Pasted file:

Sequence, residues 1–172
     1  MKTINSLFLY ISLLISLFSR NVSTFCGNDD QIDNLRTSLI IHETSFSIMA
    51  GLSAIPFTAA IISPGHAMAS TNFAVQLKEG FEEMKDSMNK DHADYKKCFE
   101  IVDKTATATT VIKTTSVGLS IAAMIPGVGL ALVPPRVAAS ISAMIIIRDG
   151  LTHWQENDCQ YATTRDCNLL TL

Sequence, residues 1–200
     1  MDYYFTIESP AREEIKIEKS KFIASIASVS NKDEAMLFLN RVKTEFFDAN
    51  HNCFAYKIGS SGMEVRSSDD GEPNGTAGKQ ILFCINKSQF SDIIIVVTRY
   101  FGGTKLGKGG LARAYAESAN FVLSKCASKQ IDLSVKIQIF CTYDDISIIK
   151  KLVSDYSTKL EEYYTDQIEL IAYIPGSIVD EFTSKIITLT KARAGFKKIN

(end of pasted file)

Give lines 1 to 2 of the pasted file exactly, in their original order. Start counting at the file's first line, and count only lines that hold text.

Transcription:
Sequence, residues 1–172
     1  MKTINSLFLY ISLLISLFSR NVSTFCGNDD QIDNLRTSLI IHETSFSIMA